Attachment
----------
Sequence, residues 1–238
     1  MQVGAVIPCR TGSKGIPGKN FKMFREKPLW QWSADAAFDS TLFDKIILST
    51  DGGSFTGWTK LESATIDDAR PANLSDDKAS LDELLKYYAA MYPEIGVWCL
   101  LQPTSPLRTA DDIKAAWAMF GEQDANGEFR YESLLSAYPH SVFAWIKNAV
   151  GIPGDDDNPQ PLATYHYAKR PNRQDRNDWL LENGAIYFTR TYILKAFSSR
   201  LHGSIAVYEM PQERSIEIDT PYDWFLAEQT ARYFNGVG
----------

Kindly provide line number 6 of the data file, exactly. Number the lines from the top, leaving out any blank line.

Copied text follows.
   201  LHGSIAVYEM PQERSIEIDT PYDWFLAEQT ARYFNGVG